Hitting to an extraordinary length in Dubai today, Andy Murray completely dismantled the game of the man who has dominated world tennis for the last 14 months. The Scot, who recovered from a wobble when serving for the match, outplayed Novak Djokovic 6-2 7-5 to reach the final of the Desert Classic.
Murray got off to a great start, converting for 4-2 with some mix-and-match slice and topspin that consistently caught the world number one off guard.
The Scot survived a mini crisis on serve, but then forced the issue at 0-40 on the Serb's delivery with some agile movement. Searing groundshots of astonishing, Lendl-esque length then sealed the first set.
In the early part of the match, it was Murray's first serve that did most of the damage, with a 71% success rate backed up with 94% of first-serve points won. That trend continued in the second set, with powerhouse deliveries constantly forcing Djokovic onto his back foot and allowing the Scot to dictate the rallies.Read more (226 words)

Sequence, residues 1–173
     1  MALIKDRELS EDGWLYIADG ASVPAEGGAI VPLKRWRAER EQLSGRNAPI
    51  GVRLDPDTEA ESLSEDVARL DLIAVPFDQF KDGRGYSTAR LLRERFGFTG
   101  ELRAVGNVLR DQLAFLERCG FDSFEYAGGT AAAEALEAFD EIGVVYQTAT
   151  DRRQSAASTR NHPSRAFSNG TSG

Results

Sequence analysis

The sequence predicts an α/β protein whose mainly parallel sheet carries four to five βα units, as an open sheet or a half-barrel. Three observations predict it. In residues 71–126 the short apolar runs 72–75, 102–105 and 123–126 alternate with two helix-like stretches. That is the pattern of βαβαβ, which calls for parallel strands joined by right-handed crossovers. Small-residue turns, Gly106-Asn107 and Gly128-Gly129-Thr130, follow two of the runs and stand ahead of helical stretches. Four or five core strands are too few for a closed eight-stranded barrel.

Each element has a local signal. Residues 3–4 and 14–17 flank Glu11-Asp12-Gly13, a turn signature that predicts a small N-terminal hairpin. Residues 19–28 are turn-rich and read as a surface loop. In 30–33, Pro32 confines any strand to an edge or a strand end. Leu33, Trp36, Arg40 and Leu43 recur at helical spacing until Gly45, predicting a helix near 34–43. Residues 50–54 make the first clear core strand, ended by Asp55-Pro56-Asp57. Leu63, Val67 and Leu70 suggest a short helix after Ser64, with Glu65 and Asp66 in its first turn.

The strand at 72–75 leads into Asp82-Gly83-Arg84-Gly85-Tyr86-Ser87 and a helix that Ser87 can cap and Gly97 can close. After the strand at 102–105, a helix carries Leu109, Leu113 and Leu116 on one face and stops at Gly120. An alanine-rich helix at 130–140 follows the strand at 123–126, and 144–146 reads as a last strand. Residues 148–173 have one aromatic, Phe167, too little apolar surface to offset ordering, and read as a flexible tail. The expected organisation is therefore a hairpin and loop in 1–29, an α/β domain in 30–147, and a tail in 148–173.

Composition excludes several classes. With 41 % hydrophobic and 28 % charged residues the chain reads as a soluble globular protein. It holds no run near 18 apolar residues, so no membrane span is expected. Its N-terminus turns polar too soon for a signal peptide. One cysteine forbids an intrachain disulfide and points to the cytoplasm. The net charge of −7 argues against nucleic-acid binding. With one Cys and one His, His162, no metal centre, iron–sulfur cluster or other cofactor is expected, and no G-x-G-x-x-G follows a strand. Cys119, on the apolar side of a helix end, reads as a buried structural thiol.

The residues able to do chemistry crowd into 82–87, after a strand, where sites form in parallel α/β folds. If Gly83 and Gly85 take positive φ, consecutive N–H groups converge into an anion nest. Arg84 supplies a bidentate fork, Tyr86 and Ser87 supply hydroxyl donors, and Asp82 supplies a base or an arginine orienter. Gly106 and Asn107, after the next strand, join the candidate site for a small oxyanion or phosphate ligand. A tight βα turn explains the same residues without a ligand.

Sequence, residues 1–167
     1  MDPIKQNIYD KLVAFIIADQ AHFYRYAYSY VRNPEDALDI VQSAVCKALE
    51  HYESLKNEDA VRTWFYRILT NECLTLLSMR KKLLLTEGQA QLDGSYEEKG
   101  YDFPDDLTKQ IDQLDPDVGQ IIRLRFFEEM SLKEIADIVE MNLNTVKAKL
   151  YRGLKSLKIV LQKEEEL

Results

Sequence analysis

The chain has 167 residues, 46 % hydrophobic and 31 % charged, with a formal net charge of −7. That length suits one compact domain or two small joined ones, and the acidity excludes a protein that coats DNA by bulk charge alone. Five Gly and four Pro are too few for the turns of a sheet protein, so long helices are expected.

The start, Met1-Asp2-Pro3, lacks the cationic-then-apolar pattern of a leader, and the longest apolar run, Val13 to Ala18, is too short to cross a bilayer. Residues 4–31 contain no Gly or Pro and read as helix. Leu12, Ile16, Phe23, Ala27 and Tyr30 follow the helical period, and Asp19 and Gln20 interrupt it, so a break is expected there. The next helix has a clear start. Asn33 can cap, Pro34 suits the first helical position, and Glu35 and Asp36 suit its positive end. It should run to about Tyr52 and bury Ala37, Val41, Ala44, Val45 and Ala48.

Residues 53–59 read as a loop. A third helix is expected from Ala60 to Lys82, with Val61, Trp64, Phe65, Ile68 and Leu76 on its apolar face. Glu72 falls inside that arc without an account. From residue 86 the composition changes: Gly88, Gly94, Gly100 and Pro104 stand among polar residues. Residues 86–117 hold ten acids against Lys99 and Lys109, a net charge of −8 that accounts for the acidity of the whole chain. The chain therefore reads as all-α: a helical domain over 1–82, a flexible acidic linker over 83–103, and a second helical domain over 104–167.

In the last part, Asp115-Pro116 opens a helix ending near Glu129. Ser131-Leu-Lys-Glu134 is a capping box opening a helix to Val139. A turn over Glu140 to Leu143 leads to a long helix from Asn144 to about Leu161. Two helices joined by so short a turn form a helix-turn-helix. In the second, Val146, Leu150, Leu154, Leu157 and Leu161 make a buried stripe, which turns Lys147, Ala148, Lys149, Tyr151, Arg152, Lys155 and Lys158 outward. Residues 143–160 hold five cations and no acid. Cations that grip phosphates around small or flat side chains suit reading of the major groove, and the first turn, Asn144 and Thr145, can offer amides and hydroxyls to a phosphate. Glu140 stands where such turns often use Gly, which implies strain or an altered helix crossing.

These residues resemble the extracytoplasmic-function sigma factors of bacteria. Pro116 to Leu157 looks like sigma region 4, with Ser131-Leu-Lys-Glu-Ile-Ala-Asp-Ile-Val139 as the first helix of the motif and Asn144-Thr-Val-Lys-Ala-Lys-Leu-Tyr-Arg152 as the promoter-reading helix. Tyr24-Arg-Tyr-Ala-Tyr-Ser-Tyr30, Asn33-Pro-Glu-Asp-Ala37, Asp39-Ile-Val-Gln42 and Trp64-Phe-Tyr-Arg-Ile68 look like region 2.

Murray's defence was equally outstanding, though. After breaking serve immediately at the start of the second set, the world number four began to produce recoveries, such as the one at 15-40 in the second game, that simply defied the known laws of physics.
With the Serb's game looser than a bucket of fishing worms, the British number one's imperious groundshots powered him onwards to a 5-3 lead.
But, earlier this week, Murray had suggested that he rarely had issues serving out matches and, when he hooked three routine groundshots into the net to concede the game, he might have wished he'd kept quiet.
Djokovic took full advantage, but a solid service game from Murray at 5-5 steadied the ship and, when he dug deep in game 12 to wring the errors from the world number one's racket, it was all over and Djokovic's embrace at the net seemed warm and sincere.
This result may well owe much to his recent spell with new coach Ivan Lendl in Miami. However, just as a break of serve means nothing until it's consolidated, the win might need to be rubber-stamped in a probable meeting with Roger Federer in the final over the weekend.
Nevertheless, this remains an astonishing victory that will surely open up the eyes of the tennis establishment to new and intriguing possibilities at the top of the men's game.